The coronavirus crisis could sink many schools—and leave a windfall for the survivors
By Megan Zogby – Re-Blogged From Headline Wealth
As college textbook prices have increased 88 percent since 2006, education reformers wonder how universities can make books more affordable. One simple thing they could do is to stop selling textbooks with absurdly high mark-ups, the difference between the cost incurred by the bookstore for textbooks and the price at which they’re sold. While some progress has been made within the UNC system, much room for improvement remains.
The University of North Carolina at Charlotte, for example, signed a contract with Barnes and Noble in 2009 to merge its university bookstore with Barnes and Noble. That conjunction promised students lower book prices, bringing down the mark-up from 23 percent to 18 percent. However, merging the bookstore has meant that students still pay higher prices than they would if they bought books from an online competitor or the book publisher. The rationale for the merger may have been affordability, but textbooks remain expensive for students who trust UNC-Charlotte’s bookstore to offer the best price.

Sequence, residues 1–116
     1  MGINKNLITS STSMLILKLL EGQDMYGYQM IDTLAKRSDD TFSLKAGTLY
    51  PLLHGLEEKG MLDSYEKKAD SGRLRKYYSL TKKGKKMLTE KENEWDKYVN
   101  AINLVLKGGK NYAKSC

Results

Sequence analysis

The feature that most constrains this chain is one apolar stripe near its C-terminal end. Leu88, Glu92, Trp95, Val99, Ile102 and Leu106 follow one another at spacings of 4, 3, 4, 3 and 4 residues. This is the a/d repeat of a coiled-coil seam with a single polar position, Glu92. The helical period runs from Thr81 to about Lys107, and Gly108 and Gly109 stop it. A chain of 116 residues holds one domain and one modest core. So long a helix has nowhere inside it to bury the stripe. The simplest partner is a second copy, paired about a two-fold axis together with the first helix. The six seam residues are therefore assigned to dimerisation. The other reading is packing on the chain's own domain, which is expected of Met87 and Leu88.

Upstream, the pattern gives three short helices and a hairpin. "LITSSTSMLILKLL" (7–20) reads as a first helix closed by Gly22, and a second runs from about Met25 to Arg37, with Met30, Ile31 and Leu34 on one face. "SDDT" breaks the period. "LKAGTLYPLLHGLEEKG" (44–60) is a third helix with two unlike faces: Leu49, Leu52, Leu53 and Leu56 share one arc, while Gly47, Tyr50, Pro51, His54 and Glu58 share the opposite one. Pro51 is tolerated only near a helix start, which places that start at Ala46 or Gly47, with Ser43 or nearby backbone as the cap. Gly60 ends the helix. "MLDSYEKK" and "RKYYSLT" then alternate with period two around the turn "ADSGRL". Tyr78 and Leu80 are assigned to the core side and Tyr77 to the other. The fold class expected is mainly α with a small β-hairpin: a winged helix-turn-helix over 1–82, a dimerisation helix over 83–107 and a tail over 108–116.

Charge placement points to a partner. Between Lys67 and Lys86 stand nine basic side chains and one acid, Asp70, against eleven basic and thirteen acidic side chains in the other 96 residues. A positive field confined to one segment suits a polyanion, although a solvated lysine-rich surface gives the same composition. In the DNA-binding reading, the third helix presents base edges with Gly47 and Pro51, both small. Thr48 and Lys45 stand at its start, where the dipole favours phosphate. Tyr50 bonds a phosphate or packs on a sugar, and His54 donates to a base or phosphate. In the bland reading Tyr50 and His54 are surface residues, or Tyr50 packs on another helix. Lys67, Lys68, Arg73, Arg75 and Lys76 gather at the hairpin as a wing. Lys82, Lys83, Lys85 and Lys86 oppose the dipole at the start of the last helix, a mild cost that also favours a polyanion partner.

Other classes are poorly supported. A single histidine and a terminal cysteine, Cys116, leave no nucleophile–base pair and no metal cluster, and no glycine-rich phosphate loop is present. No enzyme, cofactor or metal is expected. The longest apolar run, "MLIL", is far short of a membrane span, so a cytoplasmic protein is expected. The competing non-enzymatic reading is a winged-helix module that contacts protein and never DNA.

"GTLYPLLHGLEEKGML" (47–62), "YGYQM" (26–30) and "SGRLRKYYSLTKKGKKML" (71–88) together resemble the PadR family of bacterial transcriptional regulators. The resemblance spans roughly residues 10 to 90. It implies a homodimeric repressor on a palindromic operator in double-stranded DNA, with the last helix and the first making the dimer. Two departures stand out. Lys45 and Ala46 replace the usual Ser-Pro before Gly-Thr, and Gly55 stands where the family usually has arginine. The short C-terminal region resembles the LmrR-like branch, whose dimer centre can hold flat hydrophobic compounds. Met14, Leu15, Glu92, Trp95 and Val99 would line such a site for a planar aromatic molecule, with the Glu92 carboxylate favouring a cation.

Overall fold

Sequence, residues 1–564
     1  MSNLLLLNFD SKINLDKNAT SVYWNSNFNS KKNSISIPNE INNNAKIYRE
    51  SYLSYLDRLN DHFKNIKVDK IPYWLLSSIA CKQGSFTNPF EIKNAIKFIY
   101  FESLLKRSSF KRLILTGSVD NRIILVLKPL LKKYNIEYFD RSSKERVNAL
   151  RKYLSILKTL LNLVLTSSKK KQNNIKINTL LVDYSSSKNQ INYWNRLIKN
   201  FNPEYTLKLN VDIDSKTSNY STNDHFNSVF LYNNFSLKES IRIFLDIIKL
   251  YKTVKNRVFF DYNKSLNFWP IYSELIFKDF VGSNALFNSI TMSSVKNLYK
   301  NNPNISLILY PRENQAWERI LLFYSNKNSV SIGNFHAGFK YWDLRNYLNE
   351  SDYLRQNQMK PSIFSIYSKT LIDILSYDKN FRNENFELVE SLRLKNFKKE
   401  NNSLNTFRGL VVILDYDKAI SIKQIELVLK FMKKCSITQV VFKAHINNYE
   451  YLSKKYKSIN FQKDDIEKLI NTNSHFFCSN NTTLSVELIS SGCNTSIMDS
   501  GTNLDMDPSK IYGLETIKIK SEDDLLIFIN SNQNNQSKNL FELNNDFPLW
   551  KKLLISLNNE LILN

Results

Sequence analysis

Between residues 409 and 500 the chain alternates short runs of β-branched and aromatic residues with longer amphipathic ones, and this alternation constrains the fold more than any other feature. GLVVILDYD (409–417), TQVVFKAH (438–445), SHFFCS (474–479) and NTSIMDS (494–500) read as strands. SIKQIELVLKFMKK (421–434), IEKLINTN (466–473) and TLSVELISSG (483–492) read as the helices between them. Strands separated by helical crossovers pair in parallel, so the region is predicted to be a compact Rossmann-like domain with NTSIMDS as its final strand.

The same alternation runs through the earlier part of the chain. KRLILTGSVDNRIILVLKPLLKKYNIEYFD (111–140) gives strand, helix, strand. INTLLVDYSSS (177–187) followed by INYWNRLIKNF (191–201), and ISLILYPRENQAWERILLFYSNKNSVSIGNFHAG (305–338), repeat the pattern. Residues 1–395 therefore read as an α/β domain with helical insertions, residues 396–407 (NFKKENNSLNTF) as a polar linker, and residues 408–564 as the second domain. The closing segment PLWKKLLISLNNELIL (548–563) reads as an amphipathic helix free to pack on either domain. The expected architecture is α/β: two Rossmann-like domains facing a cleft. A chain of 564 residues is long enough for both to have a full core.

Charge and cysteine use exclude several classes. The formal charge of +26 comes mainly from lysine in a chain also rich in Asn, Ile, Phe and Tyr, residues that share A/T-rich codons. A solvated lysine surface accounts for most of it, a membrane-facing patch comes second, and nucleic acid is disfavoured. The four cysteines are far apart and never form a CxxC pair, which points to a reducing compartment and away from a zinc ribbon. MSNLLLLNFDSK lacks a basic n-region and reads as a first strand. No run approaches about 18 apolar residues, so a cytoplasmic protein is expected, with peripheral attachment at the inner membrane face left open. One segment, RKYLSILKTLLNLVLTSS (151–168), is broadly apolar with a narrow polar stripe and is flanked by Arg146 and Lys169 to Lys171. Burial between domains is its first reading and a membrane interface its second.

Re-Blogged From Total Conservative
You don’t really expect to see a college professor calling out college administrators for their liberal bias, and you really don’t expect to see them do it in the pages of The New York Times, but hey, the Gray Lady throws us a bone every now and then. On Tuesday, Professor Samuel J. Abrams of Sarah Lawrence College argued that while there was no question that professors and academics tended to be on the more liberal side of the spectrum, the imbalance was nothing compared to school administrators, who are practically walking in lockstep towards a more “progressive” future.